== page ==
Mutations known to abrogate HCV IRES-mediated internal initiation in mammalian cells also prevented β-galactosidase synthesis in yeast, providing genetic evidence for internal initiation. Translation of fragmented, uncapped RNAs derived from the bicistronic RNA could account for the production of β-galactosidase. Results of Northern analysis demonstrate the presence of full-length bicistronic mRNA in yeast. Even though smaller RNAs were detected in strains harboring the bicistronic plasmid, they were also present in cells containing the plasmid vector (Fig. (Fig.5).5). If low levels of fragmented RNAs are present, these RNAs would lack a 5′-cap structure, and perhaps a poly(A) tail, and would be poorly translated in wild-type yeast (8, 42, 60). Uncapped cellular mRNAs are found only in mitochondria in yeast and are translated in a prokaryotic-like manner with formyl-mettRNAi as the initiating codon (18). The uncapped, nonpolyadenylated RNAs of the yeast L-A virus and satellite M virus are translated efficiently in the cytoplasm only when host cell transcripts are uncapped by the major coat protein of the virus, a trick to defeat the mRNA surveillance systems of the cell (45). These considerations, together with the observation that initiation via the HCV IRES in yeast is efficient (Fig. (Fig.2),2), make it highly unlikely that β-galactosidase activity is a consequence of translation of fragmented RNAs.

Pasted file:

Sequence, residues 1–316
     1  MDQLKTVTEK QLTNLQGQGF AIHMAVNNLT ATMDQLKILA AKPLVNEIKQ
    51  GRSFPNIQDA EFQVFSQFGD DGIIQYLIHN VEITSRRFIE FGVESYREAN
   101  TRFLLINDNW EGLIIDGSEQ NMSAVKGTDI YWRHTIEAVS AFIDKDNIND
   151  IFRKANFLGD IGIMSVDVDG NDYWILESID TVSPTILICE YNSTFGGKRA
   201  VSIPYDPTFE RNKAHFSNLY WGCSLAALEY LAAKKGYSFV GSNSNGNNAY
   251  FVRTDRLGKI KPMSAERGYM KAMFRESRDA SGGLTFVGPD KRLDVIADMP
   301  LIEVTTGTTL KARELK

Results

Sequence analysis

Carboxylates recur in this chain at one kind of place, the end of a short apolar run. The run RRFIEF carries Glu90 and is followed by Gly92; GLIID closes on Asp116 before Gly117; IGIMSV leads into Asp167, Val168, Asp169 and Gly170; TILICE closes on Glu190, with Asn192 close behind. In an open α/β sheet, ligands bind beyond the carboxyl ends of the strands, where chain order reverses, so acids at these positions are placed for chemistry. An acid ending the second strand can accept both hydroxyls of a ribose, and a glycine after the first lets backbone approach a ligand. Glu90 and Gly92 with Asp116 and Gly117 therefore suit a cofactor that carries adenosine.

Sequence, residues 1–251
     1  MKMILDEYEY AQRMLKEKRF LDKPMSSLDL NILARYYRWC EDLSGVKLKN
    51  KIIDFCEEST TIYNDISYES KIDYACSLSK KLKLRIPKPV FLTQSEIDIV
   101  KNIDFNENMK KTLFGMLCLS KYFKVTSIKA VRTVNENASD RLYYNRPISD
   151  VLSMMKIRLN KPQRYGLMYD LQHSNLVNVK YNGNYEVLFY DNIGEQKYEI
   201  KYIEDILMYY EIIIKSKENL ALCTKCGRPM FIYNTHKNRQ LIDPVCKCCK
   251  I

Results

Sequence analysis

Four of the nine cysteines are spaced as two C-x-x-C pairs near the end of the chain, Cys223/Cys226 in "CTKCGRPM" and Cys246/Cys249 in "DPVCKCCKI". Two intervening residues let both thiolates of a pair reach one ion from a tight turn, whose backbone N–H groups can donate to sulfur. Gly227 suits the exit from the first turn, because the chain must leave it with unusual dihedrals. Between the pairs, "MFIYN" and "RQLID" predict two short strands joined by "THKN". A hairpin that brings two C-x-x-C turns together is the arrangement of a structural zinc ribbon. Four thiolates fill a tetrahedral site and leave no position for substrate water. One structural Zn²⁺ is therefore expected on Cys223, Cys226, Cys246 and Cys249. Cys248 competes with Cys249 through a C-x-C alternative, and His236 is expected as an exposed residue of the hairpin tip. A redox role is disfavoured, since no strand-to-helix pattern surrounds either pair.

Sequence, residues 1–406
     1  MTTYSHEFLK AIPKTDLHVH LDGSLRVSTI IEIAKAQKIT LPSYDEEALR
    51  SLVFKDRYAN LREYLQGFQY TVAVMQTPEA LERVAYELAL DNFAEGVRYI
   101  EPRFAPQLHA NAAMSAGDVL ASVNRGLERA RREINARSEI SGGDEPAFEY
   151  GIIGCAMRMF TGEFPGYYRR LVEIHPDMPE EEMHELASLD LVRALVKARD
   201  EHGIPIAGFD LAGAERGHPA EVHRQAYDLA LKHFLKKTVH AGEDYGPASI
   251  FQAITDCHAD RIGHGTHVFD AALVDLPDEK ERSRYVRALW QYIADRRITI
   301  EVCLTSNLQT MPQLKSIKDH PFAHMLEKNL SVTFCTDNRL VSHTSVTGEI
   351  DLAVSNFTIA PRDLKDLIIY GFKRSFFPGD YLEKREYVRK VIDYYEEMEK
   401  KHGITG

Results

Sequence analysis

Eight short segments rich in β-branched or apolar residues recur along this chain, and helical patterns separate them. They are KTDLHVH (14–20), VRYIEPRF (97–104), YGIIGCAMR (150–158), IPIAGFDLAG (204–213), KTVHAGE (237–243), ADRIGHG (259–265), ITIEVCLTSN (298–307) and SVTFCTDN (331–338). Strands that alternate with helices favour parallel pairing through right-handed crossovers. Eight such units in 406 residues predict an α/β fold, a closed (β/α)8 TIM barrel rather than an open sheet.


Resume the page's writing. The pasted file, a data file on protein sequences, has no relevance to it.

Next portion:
Activation of the nonsense-mediated decay pathway could lead to the production of fragmented RNAs in the cytoplasm of yeast cells. Bicistronic mRNAs contain two open reading frames and might trigger the nonsense-mediated decay pathway. If β-galactosidase is produced by translation of aberrant RNAs generated by nonsense-mediated decay, then β-galactosidase activity should be abolished in strains lacking the UPF1 gene. Both 5′-dependent and internal initiation was reduced 1.5-fold in a UPF1 null strain compared to an isogenic wild-type yeast strain (Fig. (Fig.4).4). The reduction in 5′-dependent initiation is consistent with a suggested role for Upf1p during translation initiation (21). The 1.5-fold decrease in HCV IRES-mediated initiation suggests that Upf1p is also required during internal ribosome binding.